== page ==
Monday, September 8, 2008


"The prayer of the scientist if he prayed, which is not likely:

'Lord, grant that my work increase knowledge and help other men.

'Failing that, Lord, grant that it will not lead to man’s destruction.

'Failing that, Lord, grant that my article in Brain be published before the destruction takes place.'"

- Walker Percy, Love in the Ruins


Switzerland has declared itself neutral in various wars, but that doesn't mean they couldn't destroy the planet and kill everyone on it if they so chose. In the lnked article from the Daily Mail, writer Fiona McRae discusses a not-completely-implausible scenario in which Geneva's Large Hadron Collider obliterates the solar system.

The collider accelerates subatomic particles to near-lightspeed and then tosses them at one another, creating conditions similar to those that theoretically existed during the Big Bang at the beginning of the universe. With it, scientists hope to prove the existence of the Higgs Boson or "God particle," which would aid those trying to better understand the nature of light.

The problem with the Collider is that, as particles approach lightspeed, they become heavier. A particle actually traveling at 186,000 miles per second (or a significant fraction thereof) would have so much mass that the universe would collapse around it. This probably will not happen, Dennis Overbye explains in the New York Times, but it might. Then again, we might all spontaneously combust, too - probability laws get weird around physicists. The question, then, is this: should scientists engage in experiments that might destroy, say, the solar system, even if the risk is infinitesmally small? A one-in-a-million chance that the earth might convert into a lifeless mass of strange matter is still a chance. By way of comparison, scientists have turned to a golden oldie, one that many of us have heard from exasperated parents when we, as children, worried about nuclear war: is the probability of planetary annihilation equal to or greater than that of being hit by a giant asteroid? No? Than have at it.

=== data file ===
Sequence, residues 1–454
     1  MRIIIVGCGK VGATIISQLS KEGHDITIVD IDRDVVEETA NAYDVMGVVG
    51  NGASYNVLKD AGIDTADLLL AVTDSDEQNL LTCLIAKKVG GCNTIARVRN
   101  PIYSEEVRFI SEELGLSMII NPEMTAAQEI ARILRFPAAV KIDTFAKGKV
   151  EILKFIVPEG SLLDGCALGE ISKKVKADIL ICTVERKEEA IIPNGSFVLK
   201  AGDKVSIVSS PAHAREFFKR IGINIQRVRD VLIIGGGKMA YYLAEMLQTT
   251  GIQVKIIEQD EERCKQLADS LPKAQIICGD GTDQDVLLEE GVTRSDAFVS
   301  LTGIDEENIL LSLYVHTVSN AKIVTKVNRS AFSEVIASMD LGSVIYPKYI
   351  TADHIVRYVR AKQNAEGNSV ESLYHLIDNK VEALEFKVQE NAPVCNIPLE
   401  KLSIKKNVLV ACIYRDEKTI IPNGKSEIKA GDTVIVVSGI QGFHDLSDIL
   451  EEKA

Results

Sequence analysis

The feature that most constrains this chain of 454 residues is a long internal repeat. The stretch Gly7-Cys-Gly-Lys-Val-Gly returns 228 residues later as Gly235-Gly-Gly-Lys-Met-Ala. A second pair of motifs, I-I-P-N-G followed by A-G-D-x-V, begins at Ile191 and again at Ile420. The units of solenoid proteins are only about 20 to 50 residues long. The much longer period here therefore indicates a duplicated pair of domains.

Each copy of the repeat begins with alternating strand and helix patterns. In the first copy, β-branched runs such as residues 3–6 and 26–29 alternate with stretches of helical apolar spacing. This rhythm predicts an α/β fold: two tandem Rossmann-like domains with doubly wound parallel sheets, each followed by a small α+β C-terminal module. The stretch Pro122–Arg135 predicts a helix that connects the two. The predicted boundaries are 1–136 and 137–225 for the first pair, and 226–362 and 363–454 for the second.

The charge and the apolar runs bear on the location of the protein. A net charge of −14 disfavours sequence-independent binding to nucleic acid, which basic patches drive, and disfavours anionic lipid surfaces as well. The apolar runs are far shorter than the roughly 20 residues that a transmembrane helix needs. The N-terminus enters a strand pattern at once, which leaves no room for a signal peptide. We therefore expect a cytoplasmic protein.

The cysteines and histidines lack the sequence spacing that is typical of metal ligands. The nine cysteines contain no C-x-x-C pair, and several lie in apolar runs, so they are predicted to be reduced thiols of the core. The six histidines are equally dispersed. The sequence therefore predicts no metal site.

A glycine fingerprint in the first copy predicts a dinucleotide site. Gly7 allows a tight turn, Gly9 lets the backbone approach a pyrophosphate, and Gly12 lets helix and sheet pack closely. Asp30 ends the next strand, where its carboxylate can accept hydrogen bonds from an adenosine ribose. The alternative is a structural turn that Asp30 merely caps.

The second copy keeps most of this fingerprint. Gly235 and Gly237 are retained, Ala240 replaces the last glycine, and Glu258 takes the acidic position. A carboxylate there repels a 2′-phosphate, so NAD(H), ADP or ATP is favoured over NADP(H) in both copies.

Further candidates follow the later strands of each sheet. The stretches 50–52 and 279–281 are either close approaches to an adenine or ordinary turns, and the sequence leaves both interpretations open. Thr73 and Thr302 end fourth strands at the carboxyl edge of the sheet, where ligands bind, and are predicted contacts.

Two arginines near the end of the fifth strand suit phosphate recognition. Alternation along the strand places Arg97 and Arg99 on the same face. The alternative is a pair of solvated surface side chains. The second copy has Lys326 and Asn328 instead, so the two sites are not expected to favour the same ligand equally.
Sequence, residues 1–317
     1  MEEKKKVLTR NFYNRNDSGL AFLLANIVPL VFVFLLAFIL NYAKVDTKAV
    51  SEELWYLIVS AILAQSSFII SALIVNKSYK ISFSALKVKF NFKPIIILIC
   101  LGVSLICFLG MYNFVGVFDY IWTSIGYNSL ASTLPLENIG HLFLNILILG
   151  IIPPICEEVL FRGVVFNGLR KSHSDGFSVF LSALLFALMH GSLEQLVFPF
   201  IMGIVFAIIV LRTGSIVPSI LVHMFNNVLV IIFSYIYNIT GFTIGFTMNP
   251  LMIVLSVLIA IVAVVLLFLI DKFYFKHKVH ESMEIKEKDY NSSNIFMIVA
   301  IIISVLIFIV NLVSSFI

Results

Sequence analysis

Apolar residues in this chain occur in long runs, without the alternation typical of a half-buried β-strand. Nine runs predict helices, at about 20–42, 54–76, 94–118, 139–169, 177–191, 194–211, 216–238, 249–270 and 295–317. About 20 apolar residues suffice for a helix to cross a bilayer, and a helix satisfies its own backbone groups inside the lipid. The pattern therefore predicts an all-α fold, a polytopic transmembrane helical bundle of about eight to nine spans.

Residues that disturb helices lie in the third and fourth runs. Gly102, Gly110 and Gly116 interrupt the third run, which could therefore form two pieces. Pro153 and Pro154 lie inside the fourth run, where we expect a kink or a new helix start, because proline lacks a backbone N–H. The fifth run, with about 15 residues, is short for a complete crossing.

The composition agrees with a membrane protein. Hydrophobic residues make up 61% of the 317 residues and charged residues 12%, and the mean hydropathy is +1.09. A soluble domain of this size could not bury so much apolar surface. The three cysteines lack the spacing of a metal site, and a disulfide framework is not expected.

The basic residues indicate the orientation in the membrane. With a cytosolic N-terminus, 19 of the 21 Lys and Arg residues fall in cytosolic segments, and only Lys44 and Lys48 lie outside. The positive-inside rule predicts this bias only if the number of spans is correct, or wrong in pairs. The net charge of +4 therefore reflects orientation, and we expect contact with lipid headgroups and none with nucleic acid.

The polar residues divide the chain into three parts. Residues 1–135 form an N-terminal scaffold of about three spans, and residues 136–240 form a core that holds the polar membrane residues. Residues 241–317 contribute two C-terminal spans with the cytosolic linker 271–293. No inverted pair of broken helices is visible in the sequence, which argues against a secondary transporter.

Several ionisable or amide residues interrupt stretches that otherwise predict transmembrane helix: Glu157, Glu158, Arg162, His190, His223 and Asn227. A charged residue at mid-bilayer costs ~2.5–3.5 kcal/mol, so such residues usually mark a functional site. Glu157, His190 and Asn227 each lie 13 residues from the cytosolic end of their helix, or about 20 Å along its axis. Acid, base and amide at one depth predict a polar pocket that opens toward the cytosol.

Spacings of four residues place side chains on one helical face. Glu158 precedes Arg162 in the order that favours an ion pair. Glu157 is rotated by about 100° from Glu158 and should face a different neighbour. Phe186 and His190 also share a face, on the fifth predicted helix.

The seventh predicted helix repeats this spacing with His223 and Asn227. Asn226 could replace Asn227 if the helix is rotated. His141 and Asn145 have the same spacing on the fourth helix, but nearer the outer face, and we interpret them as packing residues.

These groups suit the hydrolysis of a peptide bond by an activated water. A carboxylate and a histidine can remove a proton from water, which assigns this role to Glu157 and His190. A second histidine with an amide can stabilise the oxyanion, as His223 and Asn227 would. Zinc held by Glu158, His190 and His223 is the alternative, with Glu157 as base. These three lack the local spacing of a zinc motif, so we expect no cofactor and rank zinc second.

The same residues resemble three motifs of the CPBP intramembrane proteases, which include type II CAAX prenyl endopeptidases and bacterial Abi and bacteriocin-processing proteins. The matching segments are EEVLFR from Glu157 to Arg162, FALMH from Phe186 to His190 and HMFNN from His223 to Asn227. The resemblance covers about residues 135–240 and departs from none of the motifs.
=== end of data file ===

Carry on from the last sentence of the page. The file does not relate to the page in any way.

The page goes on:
And it's probably OK to stop worrying: they switched it on last Wednesday. If you are still frightened, please consult this handy predictive tool:



The devil, or possibly Vladimir Putin (via his sock puppet, Medvedev), continues to go down to Georgia: should the embattled Georgians be allowed to join NATO?

For heaven's sake, no.

In what is actually a salient point (one of the first from Putin), the quasi-dictator asks what the hell he and his comrades were supposed to do when Georgian crazies started shelling them from across the border. Georgia is not a tiny little America: it's a very, very unstable country that hasn't yet learned not to pick fights with its neighbors, and NATO is a military organization for grownups, not the United Nations.

Worrying saber-rattling has taken place on both sides of the American election as Georgia threatens to turn from an unstable wild card into a full blown military and humanitarian crisis, but besides the fact that the US president is not, in fact, the king of the world, NATO troops mostly come from the United States, and we, very literally, cannot afford another war. We can't even afford the wars we've got now.



Camille Paglia, one of the few pro-choice Democrats to actually admit that abortion ends a human life (she doesn't care), publishes a heartfelt apologia for Sarah Palin, applauding her effective girl-power charisma.

Philip Klein, over at, of all places, the American Spectator, calls bullshit.



The following campaign ads and subsequent links are presented without comment, except to say that the one should be taken with the other.


There is one unconventional politician in this race who has not received due credit for a spectacular ability to juggle multiple commitments with astonishing poise. Few people are even aware that this person is working two jobs, but attention must be paid:

Sam Thielman can be reached at sam.thielman at gmail dot com.

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